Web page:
7. Keep your personal crap at home. I’m very, very sorry about your sick babysitter, your dead cat, your surgery, etc. etc. Most supervisors are happy to be accommodating and supportive when life crap happens to us. However, when you spend all day talking about it to others, when you abuse someone’s kindness, or when you act rudely to others in the workplace because of what’s happening at home, you will lose support. You may also end up losing your job. Don’t take out on your co-workers what is happening in your personal life. They all have personal lives also and shouldn’t have to deal with your crap, too.

8. Say thank you. I learned this lesson from the office manager in the English Department when I was a work study there in college. She said “thank you” when someone handed her a job to do; she said “thank you” when someone else finished or did anything. Be sincere and say “thank you” to your supervisors, co-workers, customers, clients, and everyone else. It works and when you say it often enough, you start to actually mean it.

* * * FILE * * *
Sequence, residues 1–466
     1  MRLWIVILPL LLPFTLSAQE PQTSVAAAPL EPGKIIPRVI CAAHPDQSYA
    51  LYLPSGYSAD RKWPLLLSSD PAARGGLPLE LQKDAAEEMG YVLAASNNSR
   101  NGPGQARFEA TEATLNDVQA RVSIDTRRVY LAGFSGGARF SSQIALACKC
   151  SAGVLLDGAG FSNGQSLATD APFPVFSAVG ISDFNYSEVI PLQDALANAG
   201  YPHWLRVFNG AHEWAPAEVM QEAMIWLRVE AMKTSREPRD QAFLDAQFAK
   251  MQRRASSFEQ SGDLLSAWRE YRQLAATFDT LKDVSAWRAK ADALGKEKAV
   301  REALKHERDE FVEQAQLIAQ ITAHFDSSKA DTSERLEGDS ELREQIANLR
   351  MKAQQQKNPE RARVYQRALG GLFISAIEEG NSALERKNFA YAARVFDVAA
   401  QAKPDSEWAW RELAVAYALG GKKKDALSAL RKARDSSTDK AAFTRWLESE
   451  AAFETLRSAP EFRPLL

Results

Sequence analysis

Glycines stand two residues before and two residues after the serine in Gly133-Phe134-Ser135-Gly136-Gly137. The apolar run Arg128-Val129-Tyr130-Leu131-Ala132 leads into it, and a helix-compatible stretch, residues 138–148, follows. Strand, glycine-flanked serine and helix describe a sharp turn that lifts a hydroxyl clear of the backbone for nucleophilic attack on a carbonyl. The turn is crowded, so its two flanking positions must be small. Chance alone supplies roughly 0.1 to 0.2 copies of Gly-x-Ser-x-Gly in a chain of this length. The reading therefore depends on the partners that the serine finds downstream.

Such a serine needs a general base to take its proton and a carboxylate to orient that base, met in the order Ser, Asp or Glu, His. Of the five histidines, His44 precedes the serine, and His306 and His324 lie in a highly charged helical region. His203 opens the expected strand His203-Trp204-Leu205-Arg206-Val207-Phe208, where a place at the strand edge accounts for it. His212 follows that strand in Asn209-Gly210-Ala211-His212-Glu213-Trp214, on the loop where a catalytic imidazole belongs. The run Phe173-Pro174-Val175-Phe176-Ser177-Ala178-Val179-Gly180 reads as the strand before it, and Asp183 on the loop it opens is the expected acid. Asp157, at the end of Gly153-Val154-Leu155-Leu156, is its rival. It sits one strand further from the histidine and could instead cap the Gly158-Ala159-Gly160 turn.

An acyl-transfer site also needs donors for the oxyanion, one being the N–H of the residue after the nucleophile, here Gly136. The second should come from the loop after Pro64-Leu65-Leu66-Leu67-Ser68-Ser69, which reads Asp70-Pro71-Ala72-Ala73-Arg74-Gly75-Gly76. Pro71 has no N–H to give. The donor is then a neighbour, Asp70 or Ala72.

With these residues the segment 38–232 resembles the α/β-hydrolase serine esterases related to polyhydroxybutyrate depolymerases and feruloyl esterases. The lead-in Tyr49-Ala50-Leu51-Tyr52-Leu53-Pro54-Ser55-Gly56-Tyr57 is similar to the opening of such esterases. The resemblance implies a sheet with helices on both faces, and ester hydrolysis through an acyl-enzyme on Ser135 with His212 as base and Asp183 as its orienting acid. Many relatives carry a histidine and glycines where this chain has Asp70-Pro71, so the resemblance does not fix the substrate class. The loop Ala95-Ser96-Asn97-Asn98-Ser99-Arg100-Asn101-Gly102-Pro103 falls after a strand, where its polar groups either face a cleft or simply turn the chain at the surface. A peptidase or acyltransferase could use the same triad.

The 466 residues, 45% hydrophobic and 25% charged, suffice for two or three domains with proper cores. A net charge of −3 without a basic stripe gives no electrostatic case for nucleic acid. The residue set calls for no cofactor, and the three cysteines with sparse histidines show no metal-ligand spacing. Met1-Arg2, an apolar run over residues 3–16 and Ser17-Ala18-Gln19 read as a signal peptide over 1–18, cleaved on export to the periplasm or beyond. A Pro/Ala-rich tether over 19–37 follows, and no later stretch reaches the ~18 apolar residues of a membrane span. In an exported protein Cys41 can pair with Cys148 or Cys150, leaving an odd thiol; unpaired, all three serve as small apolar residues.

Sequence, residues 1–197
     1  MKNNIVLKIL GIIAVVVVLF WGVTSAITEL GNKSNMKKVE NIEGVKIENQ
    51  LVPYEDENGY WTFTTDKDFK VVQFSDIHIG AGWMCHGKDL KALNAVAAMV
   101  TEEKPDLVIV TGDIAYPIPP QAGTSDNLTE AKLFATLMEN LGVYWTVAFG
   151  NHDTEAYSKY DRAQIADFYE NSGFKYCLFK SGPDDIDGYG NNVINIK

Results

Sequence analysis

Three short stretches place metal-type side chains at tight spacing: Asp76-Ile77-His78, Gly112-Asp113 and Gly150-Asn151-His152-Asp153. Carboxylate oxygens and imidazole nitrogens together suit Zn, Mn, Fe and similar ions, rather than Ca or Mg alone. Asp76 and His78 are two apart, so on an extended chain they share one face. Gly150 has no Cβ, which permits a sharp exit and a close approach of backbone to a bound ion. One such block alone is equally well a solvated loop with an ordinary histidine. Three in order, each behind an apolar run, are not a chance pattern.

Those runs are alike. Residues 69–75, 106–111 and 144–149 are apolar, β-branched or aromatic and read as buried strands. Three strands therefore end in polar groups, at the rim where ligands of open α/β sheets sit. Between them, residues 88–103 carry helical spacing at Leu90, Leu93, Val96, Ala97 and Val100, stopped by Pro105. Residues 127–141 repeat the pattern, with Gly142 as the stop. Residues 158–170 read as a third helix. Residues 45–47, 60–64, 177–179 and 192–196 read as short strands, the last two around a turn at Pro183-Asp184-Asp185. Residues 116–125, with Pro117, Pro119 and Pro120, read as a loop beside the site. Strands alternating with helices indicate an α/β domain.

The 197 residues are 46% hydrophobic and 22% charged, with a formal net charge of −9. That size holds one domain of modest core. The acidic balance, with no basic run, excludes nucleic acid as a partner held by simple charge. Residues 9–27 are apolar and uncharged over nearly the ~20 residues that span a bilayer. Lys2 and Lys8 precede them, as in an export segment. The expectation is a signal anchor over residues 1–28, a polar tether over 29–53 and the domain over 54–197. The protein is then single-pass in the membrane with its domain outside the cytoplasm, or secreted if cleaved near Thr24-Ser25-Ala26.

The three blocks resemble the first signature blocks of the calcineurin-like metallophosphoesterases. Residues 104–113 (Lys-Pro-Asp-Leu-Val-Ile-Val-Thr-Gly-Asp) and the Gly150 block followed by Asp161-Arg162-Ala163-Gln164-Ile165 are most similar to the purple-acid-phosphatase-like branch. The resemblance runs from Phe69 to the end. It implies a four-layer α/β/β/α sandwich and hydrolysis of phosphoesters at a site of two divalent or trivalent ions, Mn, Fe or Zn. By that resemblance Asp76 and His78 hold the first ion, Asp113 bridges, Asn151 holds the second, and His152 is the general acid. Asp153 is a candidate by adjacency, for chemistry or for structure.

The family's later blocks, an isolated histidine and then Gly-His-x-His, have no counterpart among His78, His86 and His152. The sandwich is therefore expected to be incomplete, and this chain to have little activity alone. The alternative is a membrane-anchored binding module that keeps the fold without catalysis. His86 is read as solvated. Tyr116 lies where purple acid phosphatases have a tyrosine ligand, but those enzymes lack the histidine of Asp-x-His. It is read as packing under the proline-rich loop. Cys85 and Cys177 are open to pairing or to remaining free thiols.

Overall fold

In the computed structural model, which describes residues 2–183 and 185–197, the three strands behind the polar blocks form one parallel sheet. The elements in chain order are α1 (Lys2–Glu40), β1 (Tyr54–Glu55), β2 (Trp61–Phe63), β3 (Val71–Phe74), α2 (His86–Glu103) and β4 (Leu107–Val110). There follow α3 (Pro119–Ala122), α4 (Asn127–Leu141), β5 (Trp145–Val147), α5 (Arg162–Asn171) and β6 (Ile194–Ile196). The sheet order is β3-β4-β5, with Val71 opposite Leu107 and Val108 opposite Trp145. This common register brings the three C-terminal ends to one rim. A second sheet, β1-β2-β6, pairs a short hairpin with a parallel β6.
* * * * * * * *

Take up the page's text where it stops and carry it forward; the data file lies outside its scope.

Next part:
9. Take the blame and give the credit. This is an easy one to say but a hard one to live. You just have to be willing to praise others and take little credit even if you’ve done a lion’s share of the work. When things go wrong, a leader takes responsibility for it. If you are around long enough, the people who matter will see the work you are doing and will make sure you get the credit you deserve.

Leaders can be found in every socioeconomic strata (ever hear of prison hierarchies?) and many, many so-called leaders just have nice titles and lucrative jobs (ever hear of Enron?). Leadership has very little to do with financial or social success, but it has everything to do with having the respect of your colleagues and being trusted to get a job done well.